(Presented at JSConf US 2013. Be sure to check out the speaker notes!)
Frustration, a rant, a test suite, a gist. Then, community awesomeness. Boom! Promises/A+ was born.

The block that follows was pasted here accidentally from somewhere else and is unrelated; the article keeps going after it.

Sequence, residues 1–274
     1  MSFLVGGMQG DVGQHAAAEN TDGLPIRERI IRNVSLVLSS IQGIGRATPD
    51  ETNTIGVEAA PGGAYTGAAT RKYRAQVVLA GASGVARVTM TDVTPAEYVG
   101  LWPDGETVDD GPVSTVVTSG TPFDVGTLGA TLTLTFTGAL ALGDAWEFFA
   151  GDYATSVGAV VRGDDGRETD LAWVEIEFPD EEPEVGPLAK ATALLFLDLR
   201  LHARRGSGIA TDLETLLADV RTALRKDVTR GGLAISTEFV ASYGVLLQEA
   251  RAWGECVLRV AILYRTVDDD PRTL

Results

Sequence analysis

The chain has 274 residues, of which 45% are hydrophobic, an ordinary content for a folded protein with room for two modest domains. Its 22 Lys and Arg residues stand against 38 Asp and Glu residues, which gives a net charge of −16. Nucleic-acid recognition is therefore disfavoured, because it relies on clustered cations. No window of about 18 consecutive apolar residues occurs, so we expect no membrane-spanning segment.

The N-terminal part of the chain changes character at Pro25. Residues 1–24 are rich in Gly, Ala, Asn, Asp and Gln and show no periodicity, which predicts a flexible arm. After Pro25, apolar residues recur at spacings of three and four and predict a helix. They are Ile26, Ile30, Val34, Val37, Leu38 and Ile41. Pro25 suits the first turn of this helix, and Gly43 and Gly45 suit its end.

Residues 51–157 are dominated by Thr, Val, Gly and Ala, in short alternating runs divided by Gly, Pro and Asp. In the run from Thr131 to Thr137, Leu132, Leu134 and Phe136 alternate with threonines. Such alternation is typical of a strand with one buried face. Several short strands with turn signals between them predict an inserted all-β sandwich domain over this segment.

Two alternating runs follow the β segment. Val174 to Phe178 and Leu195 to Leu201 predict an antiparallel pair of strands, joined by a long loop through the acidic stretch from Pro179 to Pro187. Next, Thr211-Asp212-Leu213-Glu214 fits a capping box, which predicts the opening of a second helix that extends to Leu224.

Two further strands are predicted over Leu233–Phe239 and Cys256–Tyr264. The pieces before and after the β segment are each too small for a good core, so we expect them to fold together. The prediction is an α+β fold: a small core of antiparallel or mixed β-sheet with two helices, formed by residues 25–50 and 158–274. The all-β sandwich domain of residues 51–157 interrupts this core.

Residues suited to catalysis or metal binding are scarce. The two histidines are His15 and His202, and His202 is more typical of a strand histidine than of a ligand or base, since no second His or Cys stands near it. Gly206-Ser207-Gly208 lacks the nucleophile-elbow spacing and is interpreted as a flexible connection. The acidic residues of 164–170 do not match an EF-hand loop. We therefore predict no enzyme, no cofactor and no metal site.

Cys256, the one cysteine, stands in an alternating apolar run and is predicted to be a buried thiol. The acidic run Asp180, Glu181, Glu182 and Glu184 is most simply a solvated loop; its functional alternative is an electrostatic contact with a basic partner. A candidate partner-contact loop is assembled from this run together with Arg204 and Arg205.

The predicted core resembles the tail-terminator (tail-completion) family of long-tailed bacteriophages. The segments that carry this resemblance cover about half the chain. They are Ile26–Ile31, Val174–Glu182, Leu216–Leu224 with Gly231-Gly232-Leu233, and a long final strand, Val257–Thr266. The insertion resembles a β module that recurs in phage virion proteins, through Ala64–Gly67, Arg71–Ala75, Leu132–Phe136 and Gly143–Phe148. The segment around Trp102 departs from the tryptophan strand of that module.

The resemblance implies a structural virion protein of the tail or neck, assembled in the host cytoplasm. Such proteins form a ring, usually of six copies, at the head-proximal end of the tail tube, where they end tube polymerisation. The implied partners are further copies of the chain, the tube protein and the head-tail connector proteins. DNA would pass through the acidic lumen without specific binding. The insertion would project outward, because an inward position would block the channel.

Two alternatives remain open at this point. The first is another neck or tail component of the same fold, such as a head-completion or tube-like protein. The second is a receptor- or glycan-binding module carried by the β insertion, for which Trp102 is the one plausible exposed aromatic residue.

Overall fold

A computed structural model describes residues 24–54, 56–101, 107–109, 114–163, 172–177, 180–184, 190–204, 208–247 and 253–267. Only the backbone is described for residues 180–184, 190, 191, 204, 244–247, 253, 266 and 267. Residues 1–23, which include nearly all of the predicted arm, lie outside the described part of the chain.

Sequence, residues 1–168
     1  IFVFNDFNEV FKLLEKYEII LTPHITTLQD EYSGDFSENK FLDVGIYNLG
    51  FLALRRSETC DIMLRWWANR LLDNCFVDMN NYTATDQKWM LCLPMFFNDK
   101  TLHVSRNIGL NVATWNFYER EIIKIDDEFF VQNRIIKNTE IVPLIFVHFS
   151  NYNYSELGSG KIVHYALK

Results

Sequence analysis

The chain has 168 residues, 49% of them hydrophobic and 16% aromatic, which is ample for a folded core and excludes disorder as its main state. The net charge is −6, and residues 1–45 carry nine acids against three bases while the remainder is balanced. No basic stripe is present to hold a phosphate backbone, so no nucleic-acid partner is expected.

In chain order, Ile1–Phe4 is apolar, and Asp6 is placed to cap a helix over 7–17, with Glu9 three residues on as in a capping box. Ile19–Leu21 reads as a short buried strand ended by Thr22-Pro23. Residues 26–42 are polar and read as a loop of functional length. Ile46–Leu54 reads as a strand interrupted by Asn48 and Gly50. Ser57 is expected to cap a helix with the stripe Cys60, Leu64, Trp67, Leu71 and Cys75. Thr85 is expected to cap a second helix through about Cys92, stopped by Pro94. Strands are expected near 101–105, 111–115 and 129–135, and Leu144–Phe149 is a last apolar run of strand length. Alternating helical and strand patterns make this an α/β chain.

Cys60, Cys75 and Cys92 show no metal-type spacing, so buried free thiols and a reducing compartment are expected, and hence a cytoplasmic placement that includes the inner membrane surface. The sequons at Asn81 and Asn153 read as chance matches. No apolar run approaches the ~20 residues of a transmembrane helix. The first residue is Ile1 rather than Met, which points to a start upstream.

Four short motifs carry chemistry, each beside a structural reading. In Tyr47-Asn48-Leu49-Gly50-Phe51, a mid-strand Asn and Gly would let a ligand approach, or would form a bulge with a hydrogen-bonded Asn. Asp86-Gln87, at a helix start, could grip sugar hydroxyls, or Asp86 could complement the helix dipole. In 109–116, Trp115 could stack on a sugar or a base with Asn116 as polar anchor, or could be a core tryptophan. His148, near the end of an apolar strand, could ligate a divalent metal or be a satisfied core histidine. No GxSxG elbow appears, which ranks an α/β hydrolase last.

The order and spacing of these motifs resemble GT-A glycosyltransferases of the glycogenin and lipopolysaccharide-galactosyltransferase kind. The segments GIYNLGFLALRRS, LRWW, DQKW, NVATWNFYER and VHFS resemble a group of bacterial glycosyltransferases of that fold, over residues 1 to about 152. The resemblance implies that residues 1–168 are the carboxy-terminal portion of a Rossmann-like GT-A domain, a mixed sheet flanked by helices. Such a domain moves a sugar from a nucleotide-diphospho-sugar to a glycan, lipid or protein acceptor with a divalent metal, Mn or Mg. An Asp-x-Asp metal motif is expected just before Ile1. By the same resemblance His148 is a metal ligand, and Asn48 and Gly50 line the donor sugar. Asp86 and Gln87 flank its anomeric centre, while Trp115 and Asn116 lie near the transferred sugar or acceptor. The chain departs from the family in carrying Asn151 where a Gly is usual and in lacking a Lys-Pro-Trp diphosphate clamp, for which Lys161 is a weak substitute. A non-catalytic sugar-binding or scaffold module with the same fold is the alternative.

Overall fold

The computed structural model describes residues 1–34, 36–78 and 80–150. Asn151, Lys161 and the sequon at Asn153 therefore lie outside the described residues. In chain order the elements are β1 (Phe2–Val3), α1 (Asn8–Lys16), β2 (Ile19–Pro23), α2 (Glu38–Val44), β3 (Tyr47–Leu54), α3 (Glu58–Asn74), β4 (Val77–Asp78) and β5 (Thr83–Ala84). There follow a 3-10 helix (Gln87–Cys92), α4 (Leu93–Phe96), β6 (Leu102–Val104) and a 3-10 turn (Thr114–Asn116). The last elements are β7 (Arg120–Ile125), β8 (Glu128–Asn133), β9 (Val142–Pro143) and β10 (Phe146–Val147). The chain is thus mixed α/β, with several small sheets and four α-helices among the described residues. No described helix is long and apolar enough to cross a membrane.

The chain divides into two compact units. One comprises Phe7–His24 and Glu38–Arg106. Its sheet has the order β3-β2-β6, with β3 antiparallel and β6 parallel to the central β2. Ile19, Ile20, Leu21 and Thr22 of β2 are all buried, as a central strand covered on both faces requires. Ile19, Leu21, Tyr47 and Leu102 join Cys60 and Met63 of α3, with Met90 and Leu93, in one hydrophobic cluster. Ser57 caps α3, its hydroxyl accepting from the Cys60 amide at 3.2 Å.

However, the most interesting aspect of Promises/A+ is not just the code it enables, but how we worked to create it. We didn't join a standards body, but instead formed a GitHub organization. We had no mailing list, only an issue tracker. We submitted pull requests, made revisions, debated versions tags, etc.—all in the open, on GitHub. And, we succeeded! Promises/A+ is widely used and implemented today, with its extensible core forming the starting point of any discussions about promises. Indeed, this community-produced open standard has recently been informing the incorporation of promises into ECMAScript and the DOM. I'd like to share the story of how this happened, the lessons we learned along the way, and speculate on the role such ad-hoc, community-driven, and completely open specifications have for the future of the web.